Musings on a Famous Portfolio Asset Allocation Study

Some Critics Claim Brinson, Hood, and Beebower Conclusions Wrong

[By Dr. David Edward Marcinko MBA CMP™]


Frequently, we hear the axiom that asset allocation is the most important investment decision, explaining 93.6% of portfolio returns. The presumption has been that once the risk tolerance and time horizon have been established, investing is simply a matter of implementing a fixed mix of stocks, bonds, and cash using mutual funds selected for this purpose. This axiom is based on a famous study by Brinson, Hood, and Beebower (BHB) published in the Financial Analysts Journal in July/August 1986. It is the stuff of most modern business school and graduate students in economics and finance.

Enter the Critics

One critic claims that BHB’s conclusions and the interpretation of their conclusions are wrong, stating that because of several methodological problems, BHB needed to make certain assumptions for their analysis to go forward. They assumed that the average asset-class weights for the 10-year period studied are the same as the actual normal policy weights; that investments in foreign stocks, real estate, private placements, and venture capital can be proxied by a mix of stocks, bonds, and cash; and that the benchmarks for stocks, bonds, and cash against which fund performance was measured are appropriate. The author believes that each of these assumptions can lead to a faulty measurement of success or failure at market timing and stock selection.

The Jahnke Study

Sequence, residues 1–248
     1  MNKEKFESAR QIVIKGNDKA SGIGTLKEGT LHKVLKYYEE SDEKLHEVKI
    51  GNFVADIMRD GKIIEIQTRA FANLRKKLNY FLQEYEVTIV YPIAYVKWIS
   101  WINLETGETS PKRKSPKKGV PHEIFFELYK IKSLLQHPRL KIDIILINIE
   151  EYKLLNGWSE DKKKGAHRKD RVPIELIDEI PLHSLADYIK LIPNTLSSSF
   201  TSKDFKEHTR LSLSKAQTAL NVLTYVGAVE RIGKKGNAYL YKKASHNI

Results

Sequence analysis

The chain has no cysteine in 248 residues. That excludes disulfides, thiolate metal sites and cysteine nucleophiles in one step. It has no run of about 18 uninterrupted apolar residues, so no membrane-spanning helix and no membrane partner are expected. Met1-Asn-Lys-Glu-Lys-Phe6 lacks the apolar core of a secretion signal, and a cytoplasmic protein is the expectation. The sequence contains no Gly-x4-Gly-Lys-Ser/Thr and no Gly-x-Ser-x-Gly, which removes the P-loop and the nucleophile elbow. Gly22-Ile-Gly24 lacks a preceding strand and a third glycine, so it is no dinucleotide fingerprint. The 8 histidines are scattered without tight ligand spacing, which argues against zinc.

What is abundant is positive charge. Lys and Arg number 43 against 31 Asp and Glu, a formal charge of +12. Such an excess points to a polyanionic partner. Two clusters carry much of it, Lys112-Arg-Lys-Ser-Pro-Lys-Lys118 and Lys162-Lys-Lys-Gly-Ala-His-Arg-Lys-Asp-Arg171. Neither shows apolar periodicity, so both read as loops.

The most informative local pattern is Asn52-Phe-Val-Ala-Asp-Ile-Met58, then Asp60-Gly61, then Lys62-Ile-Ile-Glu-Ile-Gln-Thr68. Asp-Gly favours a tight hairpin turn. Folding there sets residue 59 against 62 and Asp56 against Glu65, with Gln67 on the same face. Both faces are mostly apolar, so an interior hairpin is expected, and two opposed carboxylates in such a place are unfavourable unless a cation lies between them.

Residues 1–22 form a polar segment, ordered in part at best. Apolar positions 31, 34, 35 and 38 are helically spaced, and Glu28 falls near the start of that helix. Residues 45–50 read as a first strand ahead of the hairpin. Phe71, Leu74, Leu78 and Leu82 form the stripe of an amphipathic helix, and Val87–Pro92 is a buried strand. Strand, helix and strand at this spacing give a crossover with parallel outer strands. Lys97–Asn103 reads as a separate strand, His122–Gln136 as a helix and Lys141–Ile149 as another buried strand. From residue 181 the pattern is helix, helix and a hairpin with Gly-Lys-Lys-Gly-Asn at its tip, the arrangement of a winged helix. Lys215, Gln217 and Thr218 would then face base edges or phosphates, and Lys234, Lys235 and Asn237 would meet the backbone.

William Jahnke claims that BHB erred in their focus on explaining the variation of quarterly portfolio returns rather than portfolio returns over the 10-year period studied. According to the study, asset allocation policy explains only a small fraction of the range of 10-year portfolio returns earned by the pension funds reported in the study. The author concluded that this discrepancy is caused by the effect of compounding returns. He adds that BHB were wrong to use variance of quarterly returns rather than the standard deviation. Use of standard deviation would reduce the often cited 93.6% to about 79%. Moreover, BHB did not consider the cost of investing, such as operating expenses, management fees, brokerage commissions, and other trading costs, which are more significant for individual investors than for the pension plans studied. Jahnke claims that excessive costs can reduce wealth accumulation by 50%.

Note: (“The Asset Allocation Hoax,” William W. Jahnke, Journal of Financial Planning, February 1997, Institute of Certified Financial Planners [303] 759-4900).


Finally, the author takes issue with establishing long-term fixed asset class weights. Asset allocation should be a dynamic process. Higher equity return expectations should in turn produce larger equity allocations, other things being equal.

Certified Medical Planner


Are doctors different than the average investor noted in this essay?

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